1. As the seaweed and marsh grass leaves die, bacteria break down the plant material, and insects, small shrimplike organisms, fiddler crabs, and marsh snails eat the decaying plant tissue, digest it, and excrete wastes high in nutrients.
2. It spreads primarily by underground stems; colonies form when pieces of the root system or whole plants float into an area and take root or when seeds float into a suitable area and germinate.
3. Once established, a stand of Spartina begins to trap sediment, changing the substrate elevation, and eventually the stand evolves into a high marsh system where Spartina is gradually displaced by higher-elevation, brackish-water species.
4. Leaving its insect predators behind, the cordgrass has been spreading slowly and steadily along Washington’s tidal estuaries on the west coast, crowding out the native plants and drastically altering the landscape by trapping sediment.
5. Efforts to control Spartina outside its natural environment have included burning, flooding, shading plants with black canvas or plastic, smothering the plants with dredged materials or clay, applying herbicide, and mowing repeatedly.
6. Even with a massive effort, it is doubtful that complete eradication of Spartina from nonnative habitats is possible, for it has become an integral part of these shorelines and estuaries during the last 100 to 200 years.
官方真题Official22: The Birth of Photography
1. The images produced by the camera obscura, a boxlike device that used a pinhole or lens to throw an image onto a ground-glass screen or a piece of white paper, were already familiar—the device had been much employed by topographical artists like the Italian painter Canaletto in his detailed views of the city of Venice.
2. Because the medium was so prolific, in the sense that it was possible to produce amultitude of images very cheaply, it was soon treated as the poor relation of fine art, rather than its destined successor.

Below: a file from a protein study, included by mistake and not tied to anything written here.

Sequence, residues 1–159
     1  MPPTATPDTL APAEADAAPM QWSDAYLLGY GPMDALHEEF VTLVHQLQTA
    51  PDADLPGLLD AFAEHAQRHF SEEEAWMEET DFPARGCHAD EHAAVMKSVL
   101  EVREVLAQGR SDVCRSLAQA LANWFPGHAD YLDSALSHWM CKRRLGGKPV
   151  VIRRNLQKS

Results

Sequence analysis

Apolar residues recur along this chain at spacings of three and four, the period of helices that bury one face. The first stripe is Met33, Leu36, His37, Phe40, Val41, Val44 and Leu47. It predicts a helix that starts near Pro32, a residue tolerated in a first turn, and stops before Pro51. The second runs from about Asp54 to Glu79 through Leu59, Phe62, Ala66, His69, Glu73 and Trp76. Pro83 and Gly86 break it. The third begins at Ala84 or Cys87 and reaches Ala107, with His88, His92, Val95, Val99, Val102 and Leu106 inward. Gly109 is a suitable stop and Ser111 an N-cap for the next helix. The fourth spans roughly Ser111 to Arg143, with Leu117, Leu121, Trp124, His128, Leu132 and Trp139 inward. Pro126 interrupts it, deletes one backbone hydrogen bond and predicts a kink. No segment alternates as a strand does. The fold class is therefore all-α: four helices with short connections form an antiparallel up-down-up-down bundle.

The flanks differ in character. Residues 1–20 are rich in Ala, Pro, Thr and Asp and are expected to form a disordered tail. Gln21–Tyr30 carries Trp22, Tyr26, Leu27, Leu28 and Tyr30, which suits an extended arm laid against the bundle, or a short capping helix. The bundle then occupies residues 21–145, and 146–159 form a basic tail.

3. The rapid technical development of photography—the introduction of lighter and simpler equipment, and of new emulsions that coated photographic plates, film, and paper and enabled images to be made at much faster speeds—had some unanticipated consequences.
4. The new candid photography—unposed pictures that were made when the subjects were unaware that their pictures were being taken—confirmed these scientific results, and at the same time, thanks to the radical cropping (trimming) of images that the camera often imposed, suggested new compositional formats.
托福官方真题Official22阅读长难句官方真题Official22: The Allende Meteorite
1. Sometime after midnight on February 8,1969, a large, bright meteor entered Earth's atmosphere and broke into thousands of pieces, plummeted to the ground, and scattered over an area 50 miles long and 10 miles wide in the state of Chihuahua in Mexico.
2. When broken open, Allende stones are revealed to contain an assortment of small, distinctive objects, spherical or irregular in shape and embedded in a dark gray matrix (binding material), which were once constituents of the solar nebula—the interstellar cloud of gas and dust out of which our solar system was formed.
3. A few chondrules contain grains that survived the melting event, so these enigmatic chondrules must have formed when compact masses of nebular dust were fused at high temperatures—approaching 1,700 degrees Celsius—and then cooled before these surviving grains could melt.
4. However, studies of the textures of inclusions reveal that the order in which the minerals appeared in the inclusions varies from inclusion to inclusion, and often does not match the theoretical condensation sequence for those metals.
5. However, detailed studies of the chondrite matrix suggest that much of it, too, has been formed by condensation or melting in the nebula, although minute amounts of surviving interstellar dust are mixed with the processed materials.
6. Since practically all the solar system's mass resides in the Sun, this similarity in chemistry means that chondrites have average solar system composition, except for the most volatile elements; they are truly lumps of nebular matter, probably similar incomposition to the matter from which planets were assembled.